“Accomplishments should be the focus of your resume. It’s no longer enough to just rewrite your job description in bullet points. This technique does little to demonstrate that you’ve done a good job. It also doesn’t give employers much information about how you may assist them. I constantly advise my clients to conduct pain studies and appeal directly to those requirements with relevant accomplishments. For instance, a corporation might be searching for an administrative assistant who has worked with Instagram. Between these two, which would you be most inclined to ask for an interview?
Create social media pages for each department.
By creating interesting content, attending an Instagram for Business online course, and remaining current on emerging marketing trends, I increased my Instagram following by 58 percent.” Brett Ellis, the owner of Brett Ellis Career Marketing Services, offers this advice.
Resume Tip #8:Make your resume quantifiable!
“Rather of writing your CV to read like a job description (current or previous roles), use it as a guide to figure out what’s most vital for the position you want.” Add keywords and information that indicate your success to those points.
This is where all of the performance measurements and KPIs come into play. Mention anything in your job that you helped reduce, increase, or change. Don’t wait until the fifth bullet point to mention that you helped to improve a process that saved the organization $50,000, or you’ll be 250 percent over quota.
Whatever it is, bring it up to demonstrate how your actions affect the bottom line. Also, don’t be afraid to speak up. You still had a hand in it if you were on a team that supported these efforts. Too many people remark, “Well, I didn’t do it all by myself,” and then go on to explain they were part of a team that did. If you’re stuck on ideas, go over your bullet points again and ask yourself, “Why is this important?” or “OK, so what?” Examine any paperwork you have to back up your claims, whether it’s from your performance reports or other sources. Dory Wilson of Your Office Mom contributed this tip. Check out our blog post on how to build effective resume bullet points using numbers and analytics for additional information on quantifying your resume.
Resume Tip #9: Use a job title that is simple to grasp.
“As a recruiter, one of the first things I look at is a candidate’s present job title. After that, I consider the company, tenure, and past job titles. Education is a distant second.”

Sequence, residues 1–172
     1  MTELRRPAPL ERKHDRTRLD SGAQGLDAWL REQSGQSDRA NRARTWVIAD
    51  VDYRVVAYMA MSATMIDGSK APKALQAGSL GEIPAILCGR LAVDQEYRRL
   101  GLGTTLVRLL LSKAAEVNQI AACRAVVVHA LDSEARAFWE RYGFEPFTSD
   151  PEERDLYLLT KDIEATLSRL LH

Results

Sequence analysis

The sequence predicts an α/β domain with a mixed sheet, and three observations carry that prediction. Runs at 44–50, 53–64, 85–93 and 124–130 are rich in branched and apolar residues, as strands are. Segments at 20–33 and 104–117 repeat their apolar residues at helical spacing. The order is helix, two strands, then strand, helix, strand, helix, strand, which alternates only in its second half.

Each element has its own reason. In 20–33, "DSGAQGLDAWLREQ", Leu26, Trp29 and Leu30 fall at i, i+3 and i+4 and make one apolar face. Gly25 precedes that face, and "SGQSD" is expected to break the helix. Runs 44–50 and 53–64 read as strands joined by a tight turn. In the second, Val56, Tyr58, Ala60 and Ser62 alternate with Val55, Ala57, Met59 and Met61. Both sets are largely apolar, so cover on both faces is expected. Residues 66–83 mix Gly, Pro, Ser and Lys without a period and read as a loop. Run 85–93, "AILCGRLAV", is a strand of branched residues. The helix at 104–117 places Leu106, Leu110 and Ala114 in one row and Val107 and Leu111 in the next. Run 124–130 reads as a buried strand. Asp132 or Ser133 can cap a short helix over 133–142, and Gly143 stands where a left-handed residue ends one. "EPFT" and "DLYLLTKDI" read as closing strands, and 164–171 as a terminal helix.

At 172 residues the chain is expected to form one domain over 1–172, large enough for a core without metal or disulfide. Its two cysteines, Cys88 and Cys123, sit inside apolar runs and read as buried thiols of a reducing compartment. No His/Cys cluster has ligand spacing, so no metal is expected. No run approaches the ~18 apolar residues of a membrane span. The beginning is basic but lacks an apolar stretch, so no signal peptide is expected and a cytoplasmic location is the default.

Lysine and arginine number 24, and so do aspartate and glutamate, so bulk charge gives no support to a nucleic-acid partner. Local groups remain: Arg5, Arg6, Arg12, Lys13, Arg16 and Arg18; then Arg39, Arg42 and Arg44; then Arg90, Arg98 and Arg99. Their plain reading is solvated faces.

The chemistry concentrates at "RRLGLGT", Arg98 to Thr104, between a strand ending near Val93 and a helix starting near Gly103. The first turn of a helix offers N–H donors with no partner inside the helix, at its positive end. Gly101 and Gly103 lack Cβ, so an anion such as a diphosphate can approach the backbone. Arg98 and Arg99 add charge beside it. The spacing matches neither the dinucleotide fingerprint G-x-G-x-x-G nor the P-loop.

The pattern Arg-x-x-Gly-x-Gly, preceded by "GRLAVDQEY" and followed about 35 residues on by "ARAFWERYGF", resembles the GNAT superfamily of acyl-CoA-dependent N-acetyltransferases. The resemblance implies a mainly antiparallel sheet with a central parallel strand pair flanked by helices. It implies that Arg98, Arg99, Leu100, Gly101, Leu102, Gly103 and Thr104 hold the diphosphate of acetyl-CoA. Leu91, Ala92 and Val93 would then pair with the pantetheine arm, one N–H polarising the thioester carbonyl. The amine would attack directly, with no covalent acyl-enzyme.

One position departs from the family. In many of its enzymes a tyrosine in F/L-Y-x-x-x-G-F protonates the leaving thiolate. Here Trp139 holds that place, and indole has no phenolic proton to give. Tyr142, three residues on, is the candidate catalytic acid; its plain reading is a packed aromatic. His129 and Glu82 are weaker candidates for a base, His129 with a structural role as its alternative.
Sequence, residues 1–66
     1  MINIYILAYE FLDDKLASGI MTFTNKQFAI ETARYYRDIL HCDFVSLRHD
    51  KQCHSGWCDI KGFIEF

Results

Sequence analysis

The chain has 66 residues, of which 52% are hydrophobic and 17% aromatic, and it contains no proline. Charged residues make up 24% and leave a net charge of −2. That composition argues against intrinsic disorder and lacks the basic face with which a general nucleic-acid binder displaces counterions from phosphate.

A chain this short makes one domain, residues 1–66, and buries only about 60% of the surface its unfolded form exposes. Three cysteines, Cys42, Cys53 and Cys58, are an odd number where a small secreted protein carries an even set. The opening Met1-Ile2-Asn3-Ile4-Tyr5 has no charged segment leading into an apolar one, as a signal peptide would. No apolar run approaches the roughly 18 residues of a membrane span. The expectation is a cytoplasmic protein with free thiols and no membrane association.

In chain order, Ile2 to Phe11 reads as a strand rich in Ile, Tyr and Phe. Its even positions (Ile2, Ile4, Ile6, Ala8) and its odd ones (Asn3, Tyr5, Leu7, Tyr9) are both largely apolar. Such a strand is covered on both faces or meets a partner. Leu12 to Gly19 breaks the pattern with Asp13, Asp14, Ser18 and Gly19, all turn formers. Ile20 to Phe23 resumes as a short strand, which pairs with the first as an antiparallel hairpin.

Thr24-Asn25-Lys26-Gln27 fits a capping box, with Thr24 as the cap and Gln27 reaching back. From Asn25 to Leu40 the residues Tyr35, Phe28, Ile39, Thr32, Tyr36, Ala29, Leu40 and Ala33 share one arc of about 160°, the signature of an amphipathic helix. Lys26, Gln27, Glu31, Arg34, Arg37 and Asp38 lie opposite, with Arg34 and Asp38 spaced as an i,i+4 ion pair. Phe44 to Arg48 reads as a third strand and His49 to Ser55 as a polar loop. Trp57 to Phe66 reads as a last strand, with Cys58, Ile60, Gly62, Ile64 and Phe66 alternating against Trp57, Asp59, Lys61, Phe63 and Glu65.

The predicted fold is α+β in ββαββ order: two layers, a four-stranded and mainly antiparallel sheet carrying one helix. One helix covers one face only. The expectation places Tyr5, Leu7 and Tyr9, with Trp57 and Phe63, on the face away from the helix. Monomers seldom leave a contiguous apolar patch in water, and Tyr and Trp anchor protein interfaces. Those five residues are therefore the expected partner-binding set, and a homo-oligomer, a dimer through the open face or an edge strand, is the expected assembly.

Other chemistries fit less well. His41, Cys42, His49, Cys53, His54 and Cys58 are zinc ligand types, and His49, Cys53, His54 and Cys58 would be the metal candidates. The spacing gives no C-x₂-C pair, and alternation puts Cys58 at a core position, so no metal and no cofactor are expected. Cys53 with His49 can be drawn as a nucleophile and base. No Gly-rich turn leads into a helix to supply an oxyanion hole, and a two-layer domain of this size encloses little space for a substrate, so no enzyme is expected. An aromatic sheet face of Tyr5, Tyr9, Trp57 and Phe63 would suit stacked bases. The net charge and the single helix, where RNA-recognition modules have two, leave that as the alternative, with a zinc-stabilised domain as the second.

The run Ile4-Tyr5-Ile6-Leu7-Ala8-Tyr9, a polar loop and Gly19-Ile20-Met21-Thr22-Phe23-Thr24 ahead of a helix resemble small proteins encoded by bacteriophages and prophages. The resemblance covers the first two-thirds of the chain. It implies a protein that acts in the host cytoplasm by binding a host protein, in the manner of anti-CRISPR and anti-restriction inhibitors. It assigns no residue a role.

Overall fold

“Inventive job titles are frequent, making it unclear what someone is truly accountable for. It’s also usual to have someone’s level as their title, such as Vice President or Director. This makes it difficult to see what you’re doing. It’s crucial to be honest, so don’t make up a title. If you work as a server, however, you should refer to yourself as a waitress rather than a customer satisfaction representative or a customer service specialist.”
“Your resume will most likely receive less than 30 seconds of consideration, giving you only 5 seconds to create an impression. You need to make this as simple as possible for someone. You accomplish this by demonstrating that you are qualified for the position you are seeking for.”
Karla Reffold of BeecherMadden provided this tip.
Tip #10: Check to see if your resume can be read by applicant tracking systems.
For each job, companies receive hundreds of applications. Expecting a recruiting manager to manually analyse each and every applicant, including those that may not have the necessary experience, is unrealistic.
This is why organisations utilise Applicant Tracking Systems, or ATS for short. They’re computer programmes that read and process your resume, lowering the quantity of resumes that hiring managers have to review manually. If you require an ATS-ready resume template, go here.
McCurdy Life Coach’s Erica McCurdy emphasises the importance of matching your resume to the job description: “If you are submitting your resume online, make sure you incorporate the major points and keywords from the job description in your resume and make sure you are using an ATS optimised format.”
“Text in headers and footers is not read by ATS.
Text in charts, tables, or text boxes is not read by ATS.
Bold, underlined, italicised, colourful, or color-filled text are ignored by ATS.
The ATS does not recognise photos in your resume (JPG or PNG files)
Because ATS scans text from left to right, text structured in columns may not be read correctly.”
Make sure to check if your resume is ATS compliant by uploading it to the following sites:
Resume Tip#11: Use a simple resume template.
Avoid using a lot of clutter, colours, different fonts, or graphs in your resume design. These can easily be overdone, and when you’re a recruiter going through hundreds of resumes, it’s simply too much to take in, so you move on.
Becky from Go Write2Hire sent us this tip.
Furthermore, employing fancy styles and fonts increases the likelihood of your resume being misprocessed by ATS. Upload your resume for a free ATS resume scan if you’re not sure if it will be processed correctly by ATS.
Resume Tip#12: Organize your parts well.
“To generate visual space, use separation. Divide your previous work experiences into sections and sub-sections, leaving at least a blank line of regular space between each. Use section headings to help you stay organised.”